Paradigms and Politics: Understanding Methods Paradigms in an Historical Context: The Case of Social Pedagogy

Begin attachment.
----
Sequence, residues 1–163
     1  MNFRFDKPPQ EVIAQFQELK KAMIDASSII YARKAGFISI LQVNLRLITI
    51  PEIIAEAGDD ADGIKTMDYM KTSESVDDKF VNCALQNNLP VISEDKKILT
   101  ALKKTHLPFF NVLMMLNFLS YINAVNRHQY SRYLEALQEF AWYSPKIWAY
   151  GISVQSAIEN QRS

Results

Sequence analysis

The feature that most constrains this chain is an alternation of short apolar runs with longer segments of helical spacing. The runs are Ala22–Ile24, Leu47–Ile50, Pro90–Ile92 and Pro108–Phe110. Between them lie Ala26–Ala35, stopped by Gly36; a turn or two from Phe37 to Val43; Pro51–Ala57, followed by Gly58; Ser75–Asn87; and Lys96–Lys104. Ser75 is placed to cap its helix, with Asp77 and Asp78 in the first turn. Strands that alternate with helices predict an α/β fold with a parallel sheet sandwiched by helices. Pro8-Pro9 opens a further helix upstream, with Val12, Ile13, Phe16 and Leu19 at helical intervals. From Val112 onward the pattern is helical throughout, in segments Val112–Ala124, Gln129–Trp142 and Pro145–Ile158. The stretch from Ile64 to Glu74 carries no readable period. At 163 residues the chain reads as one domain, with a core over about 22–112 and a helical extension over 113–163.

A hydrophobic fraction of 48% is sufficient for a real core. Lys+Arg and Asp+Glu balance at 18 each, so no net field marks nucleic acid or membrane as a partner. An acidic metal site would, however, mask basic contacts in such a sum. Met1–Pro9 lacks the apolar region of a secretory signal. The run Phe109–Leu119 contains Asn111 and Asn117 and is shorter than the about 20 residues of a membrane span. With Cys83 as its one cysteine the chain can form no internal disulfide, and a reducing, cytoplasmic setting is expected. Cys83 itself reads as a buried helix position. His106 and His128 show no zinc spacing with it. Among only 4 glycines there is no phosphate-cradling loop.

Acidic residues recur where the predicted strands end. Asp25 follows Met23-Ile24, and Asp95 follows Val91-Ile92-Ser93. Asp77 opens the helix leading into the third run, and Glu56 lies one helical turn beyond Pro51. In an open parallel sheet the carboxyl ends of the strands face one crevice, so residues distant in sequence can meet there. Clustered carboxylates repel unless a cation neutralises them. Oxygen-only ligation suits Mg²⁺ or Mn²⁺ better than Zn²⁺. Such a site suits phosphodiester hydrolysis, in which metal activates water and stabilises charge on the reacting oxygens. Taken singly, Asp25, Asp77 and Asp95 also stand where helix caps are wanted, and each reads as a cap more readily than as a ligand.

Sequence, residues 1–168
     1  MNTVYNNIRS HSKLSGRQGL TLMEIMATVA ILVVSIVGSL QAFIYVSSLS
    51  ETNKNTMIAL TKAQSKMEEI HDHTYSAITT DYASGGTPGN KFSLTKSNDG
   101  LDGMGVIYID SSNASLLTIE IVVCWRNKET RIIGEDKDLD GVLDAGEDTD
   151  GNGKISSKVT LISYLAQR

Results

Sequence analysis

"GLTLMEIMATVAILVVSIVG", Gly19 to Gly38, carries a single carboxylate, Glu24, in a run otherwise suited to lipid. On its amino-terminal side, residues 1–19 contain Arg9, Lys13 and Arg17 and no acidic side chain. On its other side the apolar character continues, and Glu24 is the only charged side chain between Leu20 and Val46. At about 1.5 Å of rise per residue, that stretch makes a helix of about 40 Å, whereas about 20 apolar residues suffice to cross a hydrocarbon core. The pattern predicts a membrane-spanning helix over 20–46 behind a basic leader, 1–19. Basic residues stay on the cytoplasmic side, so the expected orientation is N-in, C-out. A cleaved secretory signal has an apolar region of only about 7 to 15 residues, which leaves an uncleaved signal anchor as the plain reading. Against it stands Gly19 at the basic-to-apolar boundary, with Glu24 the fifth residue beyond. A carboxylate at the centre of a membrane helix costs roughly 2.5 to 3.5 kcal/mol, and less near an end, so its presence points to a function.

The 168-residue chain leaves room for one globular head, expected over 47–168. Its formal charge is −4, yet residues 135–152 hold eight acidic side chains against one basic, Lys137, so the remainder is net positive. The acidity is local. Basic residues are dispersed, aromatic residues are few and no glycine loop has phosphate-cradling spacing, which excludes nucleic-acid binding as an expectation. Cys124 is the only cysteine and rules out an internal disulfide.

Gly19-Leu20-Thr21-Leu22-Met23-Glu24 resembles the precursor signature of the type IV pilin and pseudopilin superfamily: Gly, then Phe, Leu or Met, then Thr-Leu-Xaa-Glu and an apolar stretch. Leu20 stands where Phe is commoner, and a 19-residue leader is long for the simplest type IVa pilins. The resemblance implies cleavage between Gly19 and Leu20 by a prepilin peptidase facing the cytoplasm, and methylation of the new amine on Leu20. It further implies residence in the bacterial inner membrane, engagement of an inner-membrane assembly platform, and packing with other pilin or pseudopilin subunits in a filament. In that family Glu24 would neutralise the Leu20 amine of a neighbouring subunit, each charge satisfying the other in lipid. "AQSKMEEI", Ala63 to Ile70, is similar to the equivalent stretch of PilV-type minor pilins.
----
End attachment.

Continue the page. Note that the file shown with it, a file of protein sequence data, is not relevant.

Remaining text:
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This paper treats the case of social pedagogy, which is an important but widely misunderstood member of the social work methods family, as an example of how only by exploring the roots of such ‘foreign’ paradigms can we hope to set in motion an understanding of their contemporary, cross-national and cross-cultural relevance. It sets out to locate the rise of social pedagogy as both a method and as a set of social policy institutions in the historical context of the development of the German nation state with its particular relationship to the model of a corporatist model of the welfare state. This will illustrate not so much a singular development under particular historical circumstances, but the intricate interrelationship between social policies and social work methods which are a feature of this profession in all societies. Indeed, by recognizing the dynamics of this relationship, which gave rise to the ambiguous reputation of social work as a “proper” profession, the possibilities of an engagement of methods with contemporary social policy developments can be determined with much greater clarity. The paper will conclude by demonstrating, that even in countries such as the UK and Ireland, where the social pedagogy paradigm did not find widespread acceptance, many equivalent forms of practice exist and that there are distinct advantages in going beyond labels to recognize the historical importance of commonalities and of future shared European agendas for social work.